Defamation: A constitutional violation: A study on the constitutionality of Senate Bill 3244 (An act to decriminalize libel and for other purposes

Date of Publication


Document Type

Bachelor's Thesis

Degree Name

Bachelor of Science in Commerce Major in Legal Management


Ramon V. Del Rosario College of Business


Commercial Law

Thesis Adviser

Elson Manahan

Defense Panel Member

James Keith Heffron
Rex Enrico Cruz


During the 15th Congress of the Philippines, Senator Gregorio Honasan II introduced Senate Bill No. 3244, an Act to Decriminalize Libel and for Other Purposes. The bill seeks to decriminalize libel by repealing Articles 353, 354, 355, 356 and 357, and Articles 360, 361 and 362 of the Revised Penal Code (RPC). Article 353 of the RPC defines libel as the public and malicious imputation of a crime, or of a vice or defect, real or imaginary, or any act, omission, condition, status, or circumstance tending to cause the dishonor, discredit, or contempt of a natural or juridical person, or to blacken the memory of one who is dead. The penalty for written, printed or broadcast libel is imprisonment for six months and one day up to four years and two months or fine between P200 and P6,000 or both imprisonment and fine. With regard to defamation or libel, penalties are imposed upon the offender not solely because the information is false but because the information is personal, thus, it should not be exposed to the public. In proposing Senate Bill 3244, Senator Gregorio Honasan II believed that criminalizing libel would abridge the constitutionally-protected right of freedom of expression. In view of the foregoing, this work aims to assess the constitutionality of decriminalizing libel in accordance to the right to privacy and right to dignity.

Libel raises two conflicting interests on the part of the offender claiming to have exercised the right to freedom of speech and on the part of the offender claiming to have exercised the right to freedom of speech and on the part of the offended party claiming his right to privacy and right to dignity. As guaranteed by the 1987 Constitution of the Philippines, no law shall be passed abridging the freedom of speech. But right to freedom of speech is not an absolute right. Although some speeches are protected, some are not if injurious to third persons.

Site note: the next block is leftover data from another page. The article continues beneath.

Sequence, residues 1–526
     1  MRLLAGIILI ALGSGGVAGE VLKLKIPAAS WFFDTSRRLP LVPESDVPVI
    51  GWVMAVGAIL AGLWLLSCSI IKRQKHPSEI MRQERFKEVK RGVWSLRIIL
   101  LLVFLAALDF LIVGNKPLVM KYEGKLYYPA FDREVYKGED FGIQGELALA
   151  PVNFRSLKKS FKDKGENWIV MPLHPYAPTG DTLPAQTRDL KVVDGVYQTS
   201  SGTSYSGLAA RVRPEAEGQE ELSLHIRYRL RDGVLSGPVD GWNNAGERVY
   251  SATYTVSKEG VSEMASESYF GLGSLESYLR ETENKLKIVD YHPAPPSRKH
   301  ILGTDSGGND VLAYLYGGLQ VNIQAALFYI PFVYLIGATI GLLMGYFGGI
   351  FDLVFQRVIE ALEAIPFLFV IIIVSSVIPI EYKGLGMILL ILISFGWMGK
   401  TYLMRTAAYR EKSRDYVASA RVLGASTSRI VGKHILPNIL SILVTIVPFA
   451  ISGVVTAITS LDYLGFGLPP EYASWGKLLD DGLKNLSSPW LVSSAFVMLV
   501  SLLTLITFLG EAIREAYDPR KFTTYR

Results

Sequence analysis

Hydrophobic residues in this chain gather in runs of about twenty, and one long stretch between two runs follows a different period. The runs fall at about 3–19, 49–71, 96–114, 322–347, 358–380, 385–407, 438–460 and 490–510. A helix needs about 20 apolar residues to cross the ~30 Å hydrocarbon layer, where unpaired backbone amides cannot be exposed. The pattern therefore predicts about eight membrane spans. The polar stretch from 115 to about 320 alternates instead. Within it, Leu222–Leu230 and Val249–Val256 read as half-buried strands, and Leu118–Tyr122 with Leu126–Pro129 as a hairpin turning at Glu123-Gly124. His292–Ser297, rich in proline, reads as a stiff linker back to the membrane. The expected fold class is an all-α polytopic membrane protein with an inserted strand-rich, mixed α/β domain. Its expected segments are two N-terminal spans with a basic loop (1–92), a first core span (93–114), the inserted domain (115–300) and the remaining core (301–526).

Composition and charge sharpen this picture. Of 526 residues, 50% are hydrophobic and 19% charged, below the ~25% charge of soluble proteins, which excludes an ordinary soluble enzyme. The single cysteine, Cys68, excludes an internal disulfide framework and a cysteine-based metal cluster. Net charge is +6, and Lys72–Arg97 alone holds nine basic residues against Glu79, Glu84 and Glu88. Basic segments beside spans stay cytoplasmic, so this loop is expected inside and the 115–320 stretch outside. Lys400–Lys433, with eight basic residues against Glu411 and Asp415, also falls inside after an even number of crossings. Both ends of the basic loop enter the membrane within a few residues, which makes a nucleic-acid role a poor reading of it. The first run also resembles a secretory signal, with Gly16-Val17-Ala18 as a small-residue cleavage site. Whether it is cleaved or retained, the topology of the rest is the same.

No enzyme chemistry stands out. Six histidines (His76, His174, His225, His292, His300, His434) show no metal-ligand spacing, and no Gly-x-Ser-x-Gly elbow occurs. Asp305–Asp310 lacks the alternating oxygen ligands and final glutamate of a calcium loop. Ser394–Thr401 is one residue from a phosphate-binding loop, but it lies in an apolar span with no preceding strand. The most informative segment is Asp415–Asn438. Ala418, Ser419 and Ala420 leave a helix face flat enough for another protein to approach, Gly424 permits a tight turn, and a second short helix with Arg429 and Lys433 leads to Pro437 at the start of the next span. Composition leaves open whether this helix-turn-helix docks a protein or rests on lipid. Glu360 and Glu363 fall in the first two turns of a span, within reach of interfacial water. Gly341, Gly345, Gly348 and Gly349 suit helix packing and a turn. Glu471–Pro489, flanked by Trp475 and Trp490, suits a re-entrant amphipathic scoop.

Hypothetically, if libel laws would be decriminalized and Senate Bill 3244 would be passed, therefore leaving the regulation and imposition of penalties to companies, practitioners of mass media would not fear reporting malicious and defamatory statements that could cause serious injury to individuals and groups, assaulting their dignity as human beings and citizens since some companies would most likely not enforce company rules as strict as the state could through libel laws. The researchers believe that every company has its own codes of discipline regarding reports containing defamatory statements. Every practitioner of the mass media is believed to be aware of his moral and professional responsibilities but still chooses to defy the odds. Hence, the need for the government to take necessary steps to regulate the kind of speeches in a way that it one's right to dignity and privacy would be protected.

The State has the difficult task of maintaining the delicate balance between constitutional freedoms and protecting public morals. Opponents of the libel law fear that the immense power of the State may be inadvertently used to sweepingly curtail constitutional freedoms. Libel laws side with the protection of one's reputation. After all, libel laws can only be a threat to those who would use the right to freedom of speech and abuse it by deliberately degrading a person in the eyes of another. Philippine libel laws criminalizing libel has achieved the delicate balance by protecting one's reputation and regulating freedom of speech or expression only if such is injurious to third persons, ensuring that freedom of speech would not be abridged.

Abstract Format






Accession Number


Shelf Location

Archives, The Learning Commons, 12F, Henry Sy Sr. Hall

Physical Description

70, [41 unnumbered] leaves

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